In this week’s edition of Chats with the Chief, VHA Chief of Staff Jon Jensen sits down with Dr. Ann McKee, chief of Neuropathology at the VA Boston Healthcare System and director of the Boston University Center for the Study of Traumatic Encephalopathy.

McKee studies the long-term effects of hits to the head on the brain.

That’s not Alzheimer’s

McKee worked in Alzheimer’s research for ten years, studying the brains of Veterans who had passed after being diagnosed with Alzheimer’s and dementia. Then she made a discovery that changed her career and our understanding of brain injuries: While dissecting the brain of a Veteran and former world champion boxer who had been diagnosed with dementia or Alzheimer’s, McKee noticed that the brain did not show any signs of either.

Instead, it showed levels of a different protein – the tau protein – that were far beyond what she had seen in most of the brains she had studied.

So, she set out to study the brains of more Veterans who had experienced repetitive hits to the head over a long period of time, as would be typical of a boxing career.

The NFL takes notice

McKee’s research was supercharged in 2008 when the National Football League asked her to look at the brain of a former NFL player. To her astonishment, she saw the same disease she had been seeing in Veterans with a long history of small head traumas.

Today, we call this disease chronic traumatic encephalopathy, or CTE.

Ongoing efforts

While the signs of CTE – such as mood changes, depression and trouble sleeping – are noticeable, it can only be diagnosed by dissecting the brain. Thus, it cannot be diagnosed in living people, but McKee is on a mission to change that.

Today, she operates a brain bank with over 1,100 brains that have been affected by traumatic brain injuries, 600 of which have been diagnosed with CTE. And she continues to collect more from family members looking to better understand their loved one’s struggle and contribute to her research.

She hopes that by better understanding the disease, we can find new ways to diagnose and treat patients while they are still alive.

She tells Jensen in the video above, “I just want all the people that are suffering out there to know my heart goes out to them. And I am really hopeful that this work will bring greater knowledge and an end of suffering.”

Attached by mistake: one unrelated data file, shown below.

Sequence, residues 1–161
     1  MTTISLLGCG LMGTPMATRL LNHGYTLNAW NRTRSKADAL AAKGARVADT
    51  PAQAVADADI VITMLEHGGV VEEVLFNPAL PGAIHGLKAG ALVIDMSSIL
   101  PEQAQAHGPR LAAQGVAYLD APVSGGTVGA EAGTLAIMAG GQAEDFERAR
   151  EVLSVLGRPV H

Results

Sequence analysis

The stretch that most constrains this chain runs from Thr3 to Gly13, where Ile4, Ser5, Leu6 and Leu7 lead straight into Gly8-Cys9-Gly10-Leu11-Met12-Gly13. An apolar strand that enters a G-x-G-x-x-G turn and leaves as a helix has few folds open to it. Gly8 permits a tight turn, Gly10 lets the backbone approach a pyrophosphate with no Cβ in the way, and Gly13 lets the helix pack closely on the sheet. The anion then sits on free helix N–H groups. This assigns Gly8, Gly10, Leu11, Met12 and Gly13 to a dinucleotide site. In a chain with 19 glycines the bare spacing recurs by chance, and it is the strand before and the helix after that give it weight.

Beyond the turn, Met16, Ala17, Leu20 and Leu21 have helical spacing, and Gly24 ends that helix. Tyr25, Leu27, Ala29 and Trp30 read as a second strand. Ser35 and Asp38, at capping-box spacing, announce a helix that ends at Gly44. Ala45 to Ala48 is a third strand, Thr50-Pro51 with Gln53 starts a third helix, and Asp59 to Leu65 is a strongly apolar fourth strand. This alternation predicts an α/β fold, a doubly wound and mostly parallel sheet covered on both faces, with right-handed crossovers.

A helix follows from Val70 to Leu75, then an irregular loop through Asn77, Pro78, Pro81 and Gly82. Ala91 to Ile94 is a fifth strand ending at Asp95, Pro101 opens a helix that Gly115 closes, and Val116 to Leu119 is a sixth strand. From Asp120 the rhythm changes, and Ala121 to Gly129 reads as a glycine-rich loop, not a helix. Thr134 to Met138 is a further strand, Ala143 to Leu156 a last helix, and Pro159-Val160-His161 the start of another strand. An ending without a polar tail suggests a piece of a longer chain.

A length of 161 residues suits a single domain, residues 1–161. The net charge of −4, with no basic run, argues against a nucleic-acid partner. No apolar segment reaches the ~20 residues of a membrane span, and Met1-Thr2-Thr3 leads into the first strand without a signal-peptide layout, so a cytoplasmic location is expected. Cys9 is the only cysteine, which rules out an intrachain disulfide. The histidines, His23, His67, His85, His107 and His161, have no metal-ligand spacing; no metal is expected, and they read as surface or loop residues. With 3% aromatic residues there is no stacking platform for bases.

By VAntage Point Contributor

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Published on Oct. 6, 2021

Estimated reading time is 2.1 min.

Views to date: 386


  1. Bruce K. Troyer October 9, 2021 at 8:52 am

    I would first of all like to Thank Dr. Ann Mckee for participating in today’s talk. My hope would be that the VA doctors and military branches take to heart what you have learned. I hope your work helps today’s military individual and future individuals.
    None of this was evident 50 years ago. It’s too late to help us now. I see by other comments that I am not the only individual stock with the dilemmas of past practice.
    Please continue with these endeavors of study.

  2. James October 6, 2021 at 11:41 pm

    Need more Information. I am a 75year old Viet Nam Veteran an have my first appointment scheduled with Memory Health at my local Veteran Health Care Center in NC.

    This will be my first appointment on memory related issues. I did have several traumatic brain tromers while serving in Viet Nam in a 8 inch Howitzer Battery with The 9th inf div.

  3. Lemuel C Bray October 6, 2021 at 4:34 pm

    Neurobehavioral testing for “denial” aka anosognosia in walking talking individuals with the condition not as severe as “unilateral neglect.”

    I have a 1985 Neurobehavioral test report that indicates “energy in denial”. Essentially the definition line of anosognosia without the diagnosis ever being recorded. If recognized and individual therapy directed at the the individual recognizing the change, since a TBI, in abilities to the detriment, a great many suicides will be avoided.

    The VA refuses to make this diagnosis because it is not in the DSM-5 when the DSM-5 diagnosis should be adjustment disorder-organic- anosognosia from brain damage.

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